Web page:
At the end of "Superman II," after his powers are returned he says he'll never leave again. He's also known as someone who never lies, established in first film, so how is it that all of that is disregarded? The dutiful Superman would never leave his adoptive home planet unguarded for any length of time, much less five years and after the events of SII. Superman is an alien from another planet with a different DNA and molecular structure, so how can the kid be his? Even if they expect us to buy that Clark was human in SII when he slept with Lois, how would the kid still be born with abilities? You can't have it both ways. If Superman is an alien which he is, there's just no way he can procreate with a human. The molecular chamber only took his powers away. If they're now saying he was somehow turned human then there's no way the kid should be superhuman. Most importantly, why would Singer want to undercut the significance of the main character by saddling him with a kid with similar powers. Not only that, Superman is now more grounded, and less unique. What is the point to being Superman? There's a lot of drama that can be had from his feeling like an outsider and trying to find his place in his adoptive society. Imagine a god that may feel inadequate, unable to give Lois what another man could, that he can do almost anything except have a child. Or even the responsibility of the public seeing him as a god and all that entails. What's the sequel going to be, a live-action version of "The Incredibles"? On the technical side, the effects for the most part are proficient CGI. Even Superman himself in some scenes, and his fluttering cape in others. Although like in the Spider-man movies, the CGI rendered character is never really convincing. It's like watching a video game avatar. I read or heard there were a lot of practical effects but that's not really the case. The bullet-time effects have been done and seem dated. None of that matters because the film has a pall over it where one can barely see what's going on. The cinematography is dark. The whole movie, even in the daytime has an overcast, murky feel to it. The sound was great, though.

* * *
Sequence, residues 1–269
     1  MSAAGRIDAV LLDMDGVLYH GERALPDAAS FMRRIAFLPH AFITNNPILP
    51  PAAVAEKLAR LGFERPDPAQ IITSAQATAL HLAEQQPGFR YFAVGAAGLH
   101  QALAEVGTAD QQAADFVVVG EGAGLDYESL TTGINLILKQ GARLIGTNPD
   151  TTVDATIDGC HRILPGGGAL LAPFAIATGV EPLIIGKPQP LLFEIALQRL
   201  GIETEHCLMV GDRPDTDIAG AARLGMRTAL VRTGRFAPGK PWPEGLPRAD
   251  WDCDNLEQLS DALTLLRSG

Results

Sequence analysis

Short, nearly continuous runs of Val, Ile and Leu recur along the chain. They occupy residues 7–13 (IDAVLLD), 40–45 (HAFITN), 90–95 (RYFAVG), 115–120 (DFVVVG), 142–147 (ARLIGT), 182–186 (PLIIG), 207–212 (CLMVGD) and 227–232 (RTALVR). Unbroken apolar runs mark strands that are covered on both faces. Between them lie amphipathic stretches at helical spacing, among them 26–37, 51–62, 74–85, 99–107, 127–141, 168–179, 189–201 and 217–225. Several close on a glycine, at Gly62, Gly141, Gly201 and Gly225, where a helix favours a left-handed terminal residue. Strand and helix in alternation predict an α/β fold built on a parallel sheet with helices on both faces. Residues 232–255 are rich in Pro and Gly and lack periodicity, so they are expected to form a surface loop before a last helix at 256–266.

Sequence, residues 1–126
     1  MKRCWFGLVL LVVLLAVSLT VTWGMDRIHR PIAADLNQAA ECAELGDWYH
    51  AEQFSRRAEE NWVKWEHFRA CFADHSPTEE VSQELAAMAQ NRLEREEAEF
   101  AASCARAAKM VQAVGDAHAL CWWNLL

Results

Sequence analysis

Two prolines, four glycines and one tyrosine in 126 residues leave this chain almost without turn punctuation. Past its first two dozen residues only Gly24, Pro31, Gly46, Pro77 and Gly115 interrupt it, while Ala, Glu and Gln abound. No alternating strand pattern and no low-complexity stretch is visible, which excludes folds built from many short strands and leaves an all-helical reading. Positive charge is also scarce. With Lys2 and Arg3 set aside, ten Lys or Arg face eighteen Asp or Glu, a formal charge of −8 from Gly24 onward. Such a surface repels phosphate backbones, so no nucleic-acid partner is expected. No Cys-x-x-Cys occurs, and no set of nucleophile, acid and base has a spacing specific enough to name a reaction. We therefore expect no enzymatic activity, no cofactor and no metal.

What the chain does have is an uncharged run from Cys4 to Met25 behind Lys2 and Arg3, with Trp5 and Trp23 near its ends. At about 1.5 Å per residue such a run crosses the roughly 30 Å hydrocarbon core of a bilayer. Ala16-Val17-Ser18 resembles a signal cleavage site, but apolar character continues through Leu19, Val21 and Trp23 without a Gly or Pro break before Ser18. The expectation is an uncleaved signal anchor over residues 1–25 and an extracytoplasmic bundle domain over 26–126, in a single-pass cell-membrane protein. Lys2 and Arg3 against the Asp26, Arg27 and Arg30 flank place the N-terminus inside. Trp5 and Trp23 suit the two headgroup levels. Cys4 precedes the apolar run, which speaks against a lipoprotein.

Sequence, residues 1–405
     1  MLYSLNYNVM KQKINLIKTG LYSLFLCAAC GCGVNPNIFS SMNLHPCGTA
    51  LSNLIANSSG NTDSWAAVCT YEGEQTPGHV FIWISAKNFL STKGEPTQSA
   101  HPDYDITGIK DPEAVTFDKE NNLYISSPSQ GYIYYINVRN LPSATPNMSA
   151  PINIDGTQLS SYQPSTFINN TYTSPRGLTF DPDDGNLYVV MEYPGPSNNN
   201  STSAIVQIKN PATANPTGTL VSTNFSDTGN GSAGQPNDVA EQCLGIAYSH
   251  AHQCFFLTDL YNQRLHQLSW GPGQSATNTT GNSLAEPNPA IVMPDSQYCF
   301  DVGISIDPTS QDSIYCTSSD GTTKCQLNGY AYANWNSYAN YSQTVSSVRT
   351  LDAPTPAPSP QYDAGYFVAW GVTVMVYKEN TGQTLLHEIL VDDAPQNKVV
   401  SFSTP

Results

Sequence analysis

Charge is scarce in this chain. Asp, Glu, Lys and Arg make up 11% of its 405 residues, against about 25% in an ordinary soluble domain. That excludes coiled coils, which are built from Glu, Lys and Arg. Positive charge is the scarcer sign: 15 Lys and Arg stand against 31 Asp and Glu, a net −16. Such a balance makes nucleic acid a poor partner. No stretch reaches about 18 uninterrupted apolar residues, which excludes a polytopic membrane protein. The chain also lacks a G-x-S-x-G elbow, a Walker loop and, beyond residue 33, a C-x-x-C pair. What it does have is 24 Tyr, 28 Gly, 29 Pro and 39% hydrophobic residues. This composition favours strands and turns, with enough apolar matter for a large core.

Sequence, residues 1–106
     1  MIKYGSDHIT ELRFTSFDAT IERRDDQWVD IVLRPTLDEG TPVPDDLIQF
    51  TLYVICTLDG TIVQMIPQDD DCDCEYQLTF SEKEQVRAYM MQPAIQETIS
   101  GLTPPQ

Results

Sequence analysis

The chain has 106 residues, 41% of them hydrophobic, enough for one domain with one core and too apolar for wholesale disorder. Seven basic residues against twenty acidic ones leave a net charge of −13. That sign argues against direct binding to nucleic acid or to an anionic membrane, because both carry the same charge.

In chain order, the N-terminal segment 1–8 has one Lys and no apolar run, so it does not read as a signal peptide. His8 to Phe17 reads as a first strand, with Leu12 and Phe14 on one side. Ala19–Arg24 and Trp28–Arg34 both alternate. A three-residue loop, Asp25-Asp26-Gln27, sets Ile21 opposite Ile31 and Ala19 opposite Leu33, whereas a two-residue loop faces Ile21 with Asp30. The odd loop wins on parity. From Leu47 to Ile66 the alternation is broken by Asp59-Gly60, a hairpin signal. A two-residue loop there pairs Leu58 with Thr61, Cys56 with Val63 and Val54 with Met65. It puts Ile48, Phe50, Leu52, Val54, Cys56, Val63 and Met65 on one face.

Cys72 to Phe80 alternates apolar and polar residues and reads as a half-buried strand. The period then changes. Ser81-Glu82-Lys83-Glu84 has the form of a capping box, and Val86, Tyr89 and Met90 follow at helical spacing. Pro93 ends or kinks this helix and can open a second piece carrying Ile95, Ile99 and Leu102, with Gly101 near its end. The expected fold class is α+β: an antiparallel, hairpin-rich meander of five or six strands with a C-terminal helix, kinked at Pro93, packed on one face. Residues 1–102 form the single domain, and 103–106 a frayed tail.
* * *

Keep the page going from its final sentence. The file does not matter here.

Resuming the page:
Brandon Routh had very little choice but to mimic Reeve's performances. In this he was just preprogrammed, bringing nothing of his own charisma to the roles. The suit is fine but the textured plastic appliques reminded me of Spider-man's quirky suit. Bosworth's performance is generic. Her Lois is in name only. She was miscast much like Katie Holmes in "Batman Begins", much too young for what the pivotal role calls for. Bosworth seems in a daze the whole time. Her chemistry with Routh is dry. Reeve and Kidder were a delight when they were together as both Lois and Clark and especially as Superman. Their chemistry was almost magical. Luthor's plan is idiotic and nonsensical. It doesn't make him look smart which is a key component of his character. Spacey is fine but it seems he's in a different movie playing by himself. Parker Posey is at least sympathetic, but I have to ask myself why she would want to be in Lex' presence when she's clearly not impressed by anything he does. Is she in it for the money or just all the free cute dogs she can have? The fact that his henchmen are silent is eerie. It didn't make sense that they are so lifeless and give Spacey almost nothing to play off of. The movie just gets weird with an overextended ending and too many overt Christ/resurrection references, whereas Donner kept any Christ references almost subliminal. This Supes is strange because he almost appears to be impressed with his own celebrity, gazing at the cheering crowds and almost proud of his TV coverage, whereas Reeve's Superman seemed to find the attention curious. His spying on Lois and Richard is creepy. Superman doesn't need to spy on his loved ones, he's too EARNEST for that. Just because you could know everything doesn't mean you should.
Singer does succeed in showing that even a human can be super, i.e. Richard rescuing his family. That is lovely. It's a perfect example of how action can service the story. It exemplifies how committed to Lois and their child he really is. Singer doesn't succeed in engaging us with the action scenes. I sat there looking at them but not in awe of them. It's just Superman doing everything I know he can do. There is no inventive or interesting twist to anything he does, like when Superman in the first film became part of the tracks so that the train wouldn't derail, or his creating the dam before the waters can wipe out a town. Metropolis has no character, very much like Bosworth's Lane, in name only. There is no hustle and bustle, vibrancy or any technological advances that might make it unique. Although Donner substituted NYC for Metropolis, you knew in the back of your mind it was the crossroads of the world where Superman would exist.
Clearly, Singer has a love for the original films on the surface, but he should have mined more of the source material - the comics, as Donner did for inspiration. Donner's films were joyful, even inspirational. Singer's stands as a reverent monument to the first films but just like a museum or church where you gaze at it respectfully with clasped hands in front of you afraid to touch anything. Well, we already got a sneak preview of the title of the sequel, "Superman Lives". Too bad he doesn't live in this one.